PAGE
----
Credit Reporting Agencies

Written by Kimberly Clark
Bookmark and Share

A credit reporting agency is a third-party company that provides an unbiased risk analysis of a borrower's ability to repay a loan. Once the potential borrower's creditworthiness is determined, the credit reporting agency distributes this information to unaffiliated companies that are in the business of lending money or extending credit. The entities most commonly evaluated because of their requests for credit include individual consumers, corporate customers, and government agencies.

Individual Consumers

Credit reporting agencies have been in the business of collecting and maintaining financial information that would enable creditors to make sound business decisions regarding the extension of credit to individuals, for well over a century. Initially established to provide a systematic way for lessening the time and the number of supporting documents it traditional required for a lender to make a definitive determination, the credit reporting industry has grown into a multi-billion dollar industry. When deciding whether or not to extend credit to a person, the majority of lenders turn to one of the following three consumer credit reporting agencies:

1. Experian (formerly TRW),
2. TransUnion, or
3. Equifax

Agencies like these keep up-to-date detailed records that summarize an individual's use of credit and compiles the information into what is known as a credit report. The information contained in the credit histories maintained by the credit reporting agency include such things as what accounts the person currently has open or had opened in the past, the amount of credit the person was allotted, how they used that credit, and how timely they made their payments. All of this information is then mathematically factored into an equation that calculates a person's credit score, which essentially is a rating of the person's financial capabilities.

In addition to tracking the individual's financial transactions, the credit reporting agencies also collect identifying information about the consumer. The information contained in this section of the credit report includes general things like past and present names, addresses, telephone numbers, and places of employment as well as specific identifiers such as Social Security number and date of birth. Details about civil judgments, tax liens, and bankruptcies are other items that might be listed in a consumer's credit report.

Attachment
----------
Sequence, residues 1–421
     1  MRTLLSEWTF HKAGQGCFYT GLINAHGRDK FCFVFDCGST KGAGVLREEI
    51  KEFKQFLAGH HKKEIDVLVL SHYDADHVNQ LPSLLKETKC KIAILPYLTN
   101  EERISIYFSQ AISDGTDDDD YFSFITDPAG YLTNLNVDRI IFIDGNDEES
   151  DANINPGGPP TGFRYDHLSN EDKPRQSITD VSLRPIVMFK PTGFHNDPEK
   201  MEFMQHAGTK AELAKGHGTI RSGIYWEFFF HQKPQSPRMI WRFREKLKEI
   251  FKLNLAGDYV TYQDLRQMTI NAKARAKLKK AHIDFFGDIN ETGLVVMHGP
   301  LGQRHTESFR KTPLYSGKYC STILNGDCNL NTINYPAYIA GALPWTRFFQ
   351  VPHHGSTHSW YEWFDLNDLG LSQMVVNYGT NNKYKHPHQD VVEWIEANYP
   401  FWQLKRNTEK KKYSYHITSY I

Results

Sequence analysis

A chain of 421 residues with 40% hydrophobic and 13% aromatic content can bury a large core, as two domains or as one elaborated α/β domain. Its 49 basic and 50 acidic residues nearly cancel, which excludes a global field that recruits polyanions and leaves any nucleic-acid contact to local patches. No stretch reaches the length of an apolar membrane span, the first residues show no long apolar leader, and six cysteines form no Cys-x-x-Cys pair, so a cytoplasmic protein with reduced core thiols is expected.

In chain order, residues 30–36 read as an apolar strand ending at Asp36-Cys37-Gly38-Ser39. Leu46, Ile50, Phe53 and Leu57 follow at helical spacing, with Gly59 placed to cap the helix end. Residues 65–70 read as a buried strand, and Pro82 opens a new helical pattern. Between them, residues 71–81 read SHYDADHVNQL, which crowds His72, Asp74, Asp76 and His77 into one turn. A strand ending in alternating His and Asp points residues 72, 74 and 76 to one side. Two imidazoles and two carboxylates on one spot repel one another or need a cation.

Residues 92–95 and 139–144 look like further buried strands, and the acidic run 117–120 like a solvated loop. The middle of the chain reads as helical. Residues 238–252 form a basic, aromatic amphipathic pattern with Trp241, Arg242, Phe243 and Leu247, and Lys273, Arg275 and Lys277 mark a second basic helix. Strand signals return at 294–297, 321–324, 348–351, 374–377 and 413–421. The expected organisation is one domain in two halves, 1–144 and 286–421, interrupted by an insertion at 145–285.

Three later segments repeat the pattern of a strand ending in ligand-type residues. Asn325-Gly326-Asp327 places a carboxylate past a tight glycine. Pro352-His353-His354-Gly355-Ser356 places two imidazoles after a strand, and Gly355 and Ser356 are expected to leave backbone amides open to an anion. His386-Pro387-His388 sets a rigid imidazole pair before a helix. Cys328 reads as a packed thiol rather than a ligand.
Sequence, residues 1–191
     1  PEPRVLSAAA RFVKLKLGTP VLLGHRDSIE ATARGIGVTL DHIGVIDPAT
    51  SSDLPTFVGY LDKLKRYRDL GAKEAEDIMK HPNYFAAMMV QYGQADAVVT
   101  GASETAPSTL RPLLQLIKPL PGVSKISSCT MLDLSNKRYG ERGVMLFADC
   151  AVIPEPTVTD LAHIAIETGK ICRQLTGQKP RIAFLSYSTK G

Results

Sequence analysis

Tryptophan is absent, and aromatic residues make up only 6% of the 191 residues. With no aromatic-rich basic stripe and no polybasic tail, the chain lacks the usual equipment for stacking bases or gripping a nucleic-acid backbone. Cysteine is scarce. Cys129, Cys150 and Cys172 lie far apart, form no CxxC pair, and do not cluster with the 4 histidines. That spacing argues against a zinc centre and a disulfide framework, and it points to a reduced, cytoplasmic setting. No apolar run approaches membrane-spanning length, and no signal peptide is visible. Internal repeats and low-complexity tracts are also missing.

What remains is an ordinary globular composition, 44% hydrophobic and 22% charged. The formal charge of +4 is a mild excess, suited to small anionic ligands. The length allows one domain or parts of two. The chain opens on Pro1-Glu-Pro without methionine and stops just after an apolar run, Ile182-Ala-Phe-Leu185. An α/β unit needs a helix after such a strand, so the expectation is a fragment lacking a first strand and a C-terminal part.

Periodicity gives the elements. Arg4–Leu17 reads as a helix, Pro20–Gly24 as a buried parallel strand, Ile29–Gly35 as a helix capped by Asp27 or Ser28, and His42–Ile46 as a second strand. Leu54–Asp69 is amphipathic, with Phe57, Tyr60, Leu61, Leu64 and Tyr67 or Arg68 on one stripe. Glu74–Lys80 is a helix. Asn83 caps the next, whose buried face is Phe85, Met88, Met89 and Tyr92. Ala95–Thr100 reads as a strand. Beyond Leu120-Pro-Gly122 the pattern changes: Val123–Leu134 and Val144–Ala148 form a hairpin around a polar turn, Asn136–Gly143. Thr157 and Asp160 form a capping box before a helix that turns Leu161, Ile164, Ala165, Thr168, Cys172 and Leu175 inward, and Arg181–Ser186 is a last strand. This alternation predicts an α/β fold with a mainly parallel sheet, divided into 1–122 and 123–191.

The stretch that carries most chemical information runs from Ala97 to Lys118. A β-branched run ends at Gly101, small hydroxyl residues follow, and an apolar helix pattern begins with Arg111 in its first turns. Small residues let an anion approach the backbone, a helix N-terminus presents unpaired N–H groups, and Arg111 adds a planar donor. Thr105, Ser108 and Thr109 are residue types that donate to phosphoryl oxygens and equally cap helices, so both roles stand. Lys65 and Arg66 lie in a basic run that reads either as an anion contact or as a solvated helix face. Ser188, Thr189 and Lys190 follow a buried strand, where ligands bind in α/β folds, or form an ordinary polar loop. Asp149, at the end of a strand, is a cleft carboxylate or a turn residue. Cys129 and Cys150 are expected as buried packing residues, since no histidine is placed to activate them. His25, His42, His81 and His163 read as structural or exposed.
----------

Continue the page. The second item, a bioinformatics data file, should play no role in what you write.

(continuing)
Corporate Customers

Corporations and small businesses often seek outside funding from capital lending sources to finance the growth of their companies. After receiving a request for a business loan, the lenders try to determine the likelihood of getting the loan repaid. Thus, before extending any credit the lenders typically consult with one of the credit reporting agencies that provides information on the commercial business sector.

The information contained in a corporate credit report is very similar to what is contained in a consumer report. The report details the credit that has been extended to the companies and how well they pay on their debts. However most secular credit reporting agencies have a rather different method for rating the performance of a business that differs significantly from the way consumer credit scores are calculated.

Some credit reporting agencies collect information for companies located only in the United States, whereas others track data internationally. Furthermore, some secular credit reporting agencies only rate a certain type of business or one particular industry. For instance the following agencies only report on the credit activities that occur in the transportation industry:

1. Compunet Credit Services
2. Transcredit
3. Transportation Credit Exchange
4. Truckload Credit

Government Agencies

In an effort to raise money, many government agencies and companies too, sell bonds to the public. In exchange for the initial investment, the issuer of the bonds provides regular interest payments to the investor. When the bond reaches maturity, the issuer is then required to pay a fixed lump sum to cover the principal.

To assist investors in making prudent business decisions, credit reporting agencies such as Standard & Poor's, Moody's, and Fitch IBCA rate governments' or companies' ability to make scheduled interest and principal payments. Typically the highest rating is "AAA" and it generally means there is a good chance that all payments will be made. The higher a bond's rating the less risky the investment is considered and thus it yields lower interests rates.

Conversely, the lower the bond's rating the higher the interest rates the issuer is required to pay. Of course with higher yields comes greater risk. Bonds with really low ratings are typically labeled junk bonds.


Bookmark and Share